When the possibility of a drought-driven Petaluma construction moratorium was first broached, I responded strongly, supporting more stringent water conservation standards, but opposing the concept of an extended moratorium.
Listening to and participating in subsequent discussions has led me to believe that the moratorium aspect of the issue has been misunderstood by many. With the City Council hearing on a possible moratorium now approaching, I want to share a clarification of my thinking.
But first, I want to explain why this subject matters to me as an urbanist. Well-configured urbanism requires less water than drivable suburbia. Much of the savings comes from the reduced irrigation of a rowhouse or an apartment compared to a single-family home. But other factors also come into play. To offer just one, most forms of energy production require water and drivable suburban uses more energy than walkable urban. At the bottom line, urbanism is a good water conservation strategy.
But urbanist projects are hard to bring to the finish line. Market and regulatory forces are often contrived against urbanism. Despite the most diligent efforts of committed developers and consultants, urbanist projects are often fragile and prone to succumbing to hazards such as delayed adoption of a general plan or an extended economic malaise, obstacles that drivable suburban projects can more often survive.
Too many times over the past fifteen years, I’ve watched as well-conceived urbanist projects, projects that among other benefits would have reduced per capita water use, have stumbled and fallen when another hurdle was inserted between them and the finish line.
The spectre of a water conservation moratorium becoming the latest tripwire for water-conserving urbanism is too painful and too perverse to tolerate. So I firmly oppose an extended water moratorium.
With the background, let me clarify my three key point positions regarding new water conservation standards.
Stronger water conservation standards: Strongly in favor. The drought, which many predicted with uncomfortable accuracy, is edging into historical territory. To not respond would be a benighted public policy.
Even those who continue as climate change skeptics should now see the logic of more stringent water conservation standards. Even if someone argues that the drought is 95 percent certain to be nothing more than a normal climate cycle, would the person get behind the wheel of a car with a 5 percent chance of brake failure? Common sense requires being proactively responsive to even low probability events if the implications would be dire. And personally I put the odds of the drought being the result of anthropogenic climate change at well above 5 percent.
Long-term moratorium: Absolutely not. We can’t risk the absurdity of losing another generation of water-conserving urbanism to the hardship of a long moratorium.
Short-term moratorium: This is the point where I think the conversation has gotten off-track. A two-year moratorium and a 45-day moratorium serve very different purposes, to the point where it’s shame that the word moratorium is applied to both.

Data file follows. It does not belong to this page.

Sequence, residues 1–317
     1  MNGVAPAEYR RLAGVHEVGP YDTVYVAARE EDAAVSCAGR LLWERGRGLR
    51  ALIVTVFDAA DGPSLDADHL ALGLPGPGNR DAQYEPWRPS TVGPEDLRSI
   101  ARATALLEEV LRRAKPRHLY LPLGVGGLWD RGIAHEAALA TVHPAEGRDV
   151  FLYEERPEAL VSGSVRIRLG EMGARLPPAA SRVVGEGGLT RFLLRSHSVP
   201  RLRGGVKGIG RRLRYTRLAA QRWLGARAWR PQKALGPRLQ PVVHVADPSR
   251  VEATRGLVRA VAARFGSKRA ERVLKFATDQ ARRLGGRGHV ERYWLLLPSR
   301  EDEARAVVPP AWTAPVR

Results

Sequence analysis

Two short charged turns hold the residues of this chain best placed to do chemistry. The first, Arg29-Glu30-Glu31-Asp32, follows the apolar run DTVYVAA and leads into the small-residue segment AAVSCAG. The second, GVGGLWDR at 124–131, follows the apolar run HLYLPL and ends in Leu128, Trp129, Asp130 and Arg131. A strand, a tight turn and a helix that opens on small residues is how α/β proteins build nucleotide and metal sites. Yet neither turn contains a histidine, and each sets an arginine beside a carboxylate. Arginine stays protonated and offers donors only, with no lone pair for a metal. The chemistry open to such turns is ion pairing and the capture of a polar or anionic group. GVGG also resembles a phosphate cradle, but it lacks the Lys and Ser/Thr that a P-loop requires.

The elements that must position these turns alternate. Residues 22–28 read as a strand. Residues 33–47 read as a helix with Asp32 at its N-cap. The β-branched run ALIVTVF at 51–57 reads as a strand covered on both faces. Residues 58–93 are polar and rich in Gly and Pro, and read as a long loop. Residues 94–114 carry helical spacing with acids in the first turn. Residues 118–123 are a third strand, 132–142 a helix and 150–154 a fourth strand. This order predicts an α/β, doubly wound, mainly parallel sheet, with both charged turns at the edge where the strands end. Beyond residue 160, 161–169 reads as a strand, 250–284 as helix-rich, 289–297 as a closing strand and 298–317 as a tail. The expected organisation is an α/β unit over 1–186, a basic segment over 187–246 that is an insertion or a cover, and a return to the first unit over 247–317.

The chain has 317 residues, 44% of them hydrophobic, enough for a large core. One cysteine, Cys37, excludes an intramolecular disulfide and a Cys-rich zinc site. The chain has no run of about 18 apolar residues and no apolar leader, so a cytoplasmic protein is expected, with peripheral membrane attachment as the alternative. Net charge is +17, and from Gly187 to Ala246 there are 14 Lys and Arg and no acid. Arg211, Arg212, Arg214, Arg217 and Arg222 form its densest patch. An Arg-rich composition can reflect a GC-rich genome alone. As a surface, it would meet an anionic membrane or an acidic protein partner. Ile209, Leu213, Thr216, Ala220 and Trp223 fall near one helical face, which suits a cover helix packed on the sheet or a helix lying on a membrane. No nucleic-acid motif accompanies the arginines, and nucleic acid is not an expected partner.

A two-year moratorium is a “let’s wait until things to get better” moratorium. (A strategy that I don’t think would serve any purpose for the ongoing drought.) But a 45-day moratorium is usually a “fresh start” moratorium.
It’s well established that the adoption of new rules setting higher development standards often result in a flood of new applications in the days before the new rules go into effect.
This isn’t unethical behavior by developers, any more than it’s unethical for consumers to stock up on stuff in the days before a price increase. Both are simply examples of rational financial decisions.
But that doesn’t mean that the public good is served by having a flood of applications under rules that are about to be supplanted for good reason.
A short moratorium is a way of ensuring that all new applications are made under new standards. It puts a hold on all applications until the new rules are officially adopted and effective.
I don’t have an opinion about whether a 45-day moratorium would be appropriate in the current Petaluma circumstances. Without knowing the extent of the new water conservation policies that may be adopted by the Council, I can’t judge the need for a short “fresh start” moratorium.
But I do fear that an apparent conflation of the two moratorium concepts may result in pressure against a reasonable and justified short-term moratorium, which would in turn allow too many projects to proceed under soon-to-be superseded water conservation rules.
I’m fine with the City Council making a rational decision about the need for a 45-day moratorium as long as a more extended moratorium stays far off the table.
I’m disappointed that I won’t be able to attend the April 27 meeting. But I’ll be following the results eagerly, hoping for good things for both water conservation and urbanism.
In my next post, I’ll touch upon springtime, revisiting some venues and ideas that become more relevant as spring blossoms.
As always, your questions or comments will be appreciated. Please comment below or email me. And thanks for reading. - Dave Alden (firstname.lastname@example.org)